Michael Alexander speaks to the team behind a brand new feature-length documentary on the history and legacy of Lemmings – the iconic computer game still going strong 30 years after it was created in Dundee.
Dundee becoming the Hollywood of the computer games industry was not something that a lot of people saw coming 30 years ago.
But as a new documentary shines a light on the design, development and legacy of Lemmings – the first videogame from Scotland to achieve huge international success – the role played by the city is being celebrated.
Released on February 14 1991, Lemmings was originally developed by DMA Design in Dundee, and quickly became a stalwart of the ‘Britsoft’ scene.
Hand-carved by a small team of developers working above a restaurant at Seabraes on Perth Road, the game challenged players to guide as many suicidally-inclined tiny mammals as they could safely through a perilous landscape which offered numerous opportunities for sudden, gratuitous and instant death.
Players had to use the skills of different lemmings – builders, blockers, floaters, etc – to overcome obstacles and guide as many of their group to the exit.
It was first published for the Commodore Amiga by Liverpool-based Psygnosis in 1991 and has made its way to many other platforms since, including Sony’s PlayStation (and more recently mobile).
It’s estimated to have sold around 20 million copies between its various ports with many retrospective reviews placing the game in their own lists of the greatest games of all time.
The documentary, Lemmings 30th: Can You Dig It?, celebrates this icon of Scottish and UK games culture by speaking to the people behind its original success, while also celebrating its legacy in gameplay.
It’s directed by leading videogame film producer Richard Wilcox of That Video Company and commissioned by Exient, the company behind the mobile version of the game.
Jamie Wotton, creative marketing manager at Exient told The Courier how the documentary makers were excited to help celebrate the 30th birthday of Lemmings, which has to be “one of the most-loved games ever made”.
His pitch for the film was essentially “here’s the last 30 years of Lemmings, now, what is the next 30 years of Lemmings going to look like?”
“It’s a game that has touched the hearts of so many fans, old and new, so with the documentary we want to give them something special in recognition of the impact Lemmings has had on global games and games culture,” says Jamie.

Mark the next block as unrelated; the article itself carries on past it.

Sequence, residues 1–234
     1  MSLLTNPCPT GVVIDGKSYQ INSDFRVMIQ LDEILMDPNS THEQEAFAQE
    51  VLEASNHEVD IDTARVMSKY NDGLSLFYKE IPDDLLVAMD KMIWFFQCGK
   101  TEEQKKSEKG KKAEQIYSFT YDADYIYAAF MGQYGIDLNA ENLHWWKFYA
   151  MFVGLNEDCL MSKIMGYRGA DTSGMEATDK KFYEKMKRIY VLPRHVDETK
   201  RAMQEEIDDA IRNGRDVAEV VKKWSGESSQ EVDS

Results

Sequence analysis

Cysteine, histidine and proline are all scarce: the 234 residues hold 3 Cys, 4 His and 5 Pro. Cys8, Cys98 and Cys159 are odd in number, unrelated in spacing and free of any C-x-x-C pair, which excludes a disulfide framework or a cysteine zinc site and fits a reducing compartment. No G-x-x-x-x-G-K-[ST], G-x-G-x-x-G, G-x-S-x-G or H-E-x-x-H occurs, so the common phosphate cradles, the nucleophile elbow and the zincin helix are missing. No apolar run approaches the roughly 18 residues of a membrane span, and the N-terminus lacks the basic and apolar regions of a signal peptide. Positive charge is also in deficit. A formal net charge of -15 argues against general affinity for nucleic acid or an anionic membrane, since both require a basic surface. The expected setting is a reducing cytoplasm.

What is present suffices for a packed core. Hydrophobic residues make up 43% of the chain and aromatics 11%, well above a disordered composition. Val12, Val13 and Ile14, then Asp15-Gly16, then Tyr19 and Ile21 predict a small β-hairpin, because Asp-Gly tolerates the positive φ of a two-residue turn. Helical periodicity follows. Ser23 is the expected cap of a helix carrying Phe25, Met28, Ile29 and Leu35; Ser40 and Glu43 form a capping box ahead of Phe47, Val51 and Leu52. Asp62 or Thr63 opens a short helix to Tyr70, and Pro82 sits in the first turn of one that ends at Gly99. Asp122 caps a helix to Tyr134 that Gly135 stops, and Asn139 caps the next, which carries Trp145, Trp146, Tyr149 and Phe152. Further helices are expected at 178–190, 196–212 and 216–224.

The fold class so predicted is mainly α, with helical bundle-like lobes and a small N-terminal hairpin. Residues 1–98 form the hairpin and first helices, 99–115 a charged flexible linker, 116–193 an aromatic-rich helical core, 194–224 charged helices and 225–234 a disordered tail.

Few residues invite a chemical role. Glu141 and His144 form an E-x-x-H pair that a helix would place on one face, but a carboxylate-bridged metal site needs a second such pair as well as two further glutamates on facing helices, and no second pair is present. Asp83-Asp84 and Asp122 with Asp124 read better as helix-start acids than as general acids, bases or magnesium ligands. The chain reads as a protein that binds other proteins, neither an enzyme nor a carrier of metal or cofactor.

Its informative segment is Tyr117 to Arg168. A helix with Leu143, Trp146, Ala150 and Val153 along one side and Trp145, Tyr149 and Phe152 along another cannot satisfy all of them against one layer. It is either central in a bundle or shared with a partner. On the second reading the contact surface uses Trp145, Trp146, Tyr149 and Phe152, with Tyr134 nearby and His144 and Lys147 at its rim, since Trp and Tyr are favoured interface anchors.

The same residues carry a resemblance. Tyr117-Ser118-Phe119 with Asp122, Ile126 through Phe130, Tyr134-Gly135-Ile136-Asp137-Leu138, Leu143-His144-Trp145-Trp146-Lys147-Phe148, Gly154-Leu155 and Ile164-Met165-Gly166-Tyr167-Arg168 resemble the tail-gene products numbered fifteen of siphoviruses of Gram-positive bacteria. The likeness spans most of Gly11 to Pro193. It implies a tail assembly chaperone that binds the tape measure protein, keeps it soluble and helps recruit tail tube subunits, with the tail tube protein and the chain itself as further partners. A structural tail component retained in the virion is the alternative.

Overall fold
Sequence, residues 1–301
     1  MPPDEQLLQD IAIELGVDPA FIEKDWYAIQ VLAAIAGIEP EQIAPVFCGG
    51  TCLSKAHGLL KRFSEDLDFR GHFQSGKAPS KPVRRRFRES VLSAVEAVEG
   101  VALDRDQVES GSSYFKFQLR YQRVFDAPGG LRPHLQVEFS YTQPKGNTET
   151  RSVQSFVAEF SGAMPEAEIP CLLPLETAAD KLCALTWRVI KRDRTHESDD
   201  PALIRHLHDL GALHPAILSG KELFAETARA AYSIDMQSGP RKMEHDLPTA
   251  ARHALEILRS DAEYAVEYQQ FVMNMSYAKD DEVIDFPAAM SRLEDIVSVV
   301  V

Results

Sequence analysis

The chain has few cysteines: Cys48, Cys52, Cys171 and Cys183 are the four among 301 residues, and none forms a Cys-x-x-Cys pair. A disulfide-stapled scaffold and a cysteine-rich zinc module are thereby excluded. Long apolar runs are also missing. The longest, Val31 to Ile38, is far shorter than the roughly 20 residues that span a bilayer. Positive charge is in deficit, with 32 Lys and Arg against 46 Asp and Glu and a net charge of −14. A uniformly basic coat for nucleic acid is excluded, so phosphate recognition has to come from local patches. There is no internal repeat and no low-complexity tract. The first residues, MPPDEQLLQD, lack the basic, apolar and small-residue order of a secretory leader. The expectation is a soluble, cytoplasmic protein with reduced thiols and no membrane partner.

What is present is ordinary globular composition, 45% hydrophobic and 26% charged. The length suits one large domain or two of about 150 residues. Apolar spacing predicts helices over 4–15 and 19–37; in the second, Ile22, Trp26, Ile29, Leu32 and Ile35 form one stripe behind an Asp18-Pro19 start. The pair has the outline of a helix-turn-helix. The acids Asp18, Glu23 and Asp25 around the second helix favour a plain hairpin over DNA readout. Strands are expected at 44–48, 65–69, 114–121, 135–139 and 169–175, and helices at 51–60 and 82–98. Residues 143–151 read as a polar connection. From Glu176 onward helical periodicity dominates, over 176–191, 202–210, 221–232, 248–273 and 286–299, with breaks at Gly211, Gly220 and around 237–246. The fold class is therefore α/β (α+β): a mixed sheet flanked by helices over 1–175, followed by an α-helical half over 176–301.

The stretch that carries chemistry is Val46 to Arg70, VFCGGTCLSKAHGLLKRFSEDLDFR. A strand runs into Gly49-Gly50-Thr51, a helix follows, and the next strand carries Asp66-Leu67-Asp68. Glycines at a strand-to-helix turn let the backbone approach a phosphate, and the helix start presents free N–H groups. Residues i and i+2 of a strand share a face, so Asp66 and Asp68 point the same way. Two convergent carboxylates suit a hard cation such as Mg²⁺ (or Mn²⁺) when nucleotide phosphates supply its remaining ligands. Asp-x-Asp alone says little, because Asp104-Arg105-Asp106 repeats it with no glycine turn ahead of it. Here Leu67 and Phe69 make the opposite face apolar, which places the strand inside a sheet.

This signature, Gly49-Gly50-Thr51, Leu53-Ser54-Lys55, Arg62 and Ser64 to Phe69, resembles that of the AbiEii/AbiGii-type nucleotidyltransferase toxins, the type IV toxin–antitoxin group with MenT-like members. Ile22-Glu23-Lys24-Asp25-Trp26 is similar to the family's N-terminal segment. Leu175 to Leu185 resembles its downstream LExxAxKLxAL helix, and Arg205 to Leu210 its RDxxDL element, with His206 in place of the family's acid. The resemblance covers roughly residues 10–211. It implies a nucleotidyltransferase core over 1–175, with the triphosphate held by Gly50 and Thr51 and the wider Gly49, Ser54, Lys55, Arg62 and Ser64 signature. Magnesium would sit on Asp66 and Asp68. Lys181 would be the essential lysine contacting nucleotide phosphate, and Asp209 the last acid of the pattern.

“The documentary has grown in scope since the idea first came about.
“We initially wanted to have quite a concise recap style – almost like a ‘do you remember this?’ talking heads type documentary.
“But over time and just speaking to the guys involved, we were able to build up these rapports and we were able to build up this big contributor list of everyone involved and tried to hit everyone and people credited.
“We pencilled in for half hour meetings. We were getting 2.5 hour calls out of them. They were just so energised to tell their side of the story.”
Jamie finds the humble roots of Lemmings “fascinating”.
The origins of the game – and indeed Dundee’s computer games industry – came out of the then Kingsway Amateur Computer Club in Dundee where Russell Kay and other future work mates met as teenagers.
Following the establishment of DMA Design in 1987 by Dave Jones who soon hired former classmates Mike Dailly, Steve Hammond and Russell, the potential for what became Lemmings was spotted one day following an argument about how small a character sprite could be and how many ways it could be killed.
“It was definitely of its time,” Russell, told The Courier last year, putting Lemmings’ success down to its “simplicity” and the time given to “polish” the concept after initially being rejected by publishers.
Putting the success of Lemmings down to the “brilliant mix of frustration and satisfaction”, Jamie says one of the fascinating aspects speaking to younger people on the team who grew up playing Lemmings, is that they rarely played it alone. They would play with family members.
How did the game develop?
Jamie explains how the documentary is essentially broken into 16 chapters. It starts at the very beginning from the developers setting up DMA through the evolution of how the levels were designed, how the animations were put together, what challenges they had and who was involved in the music.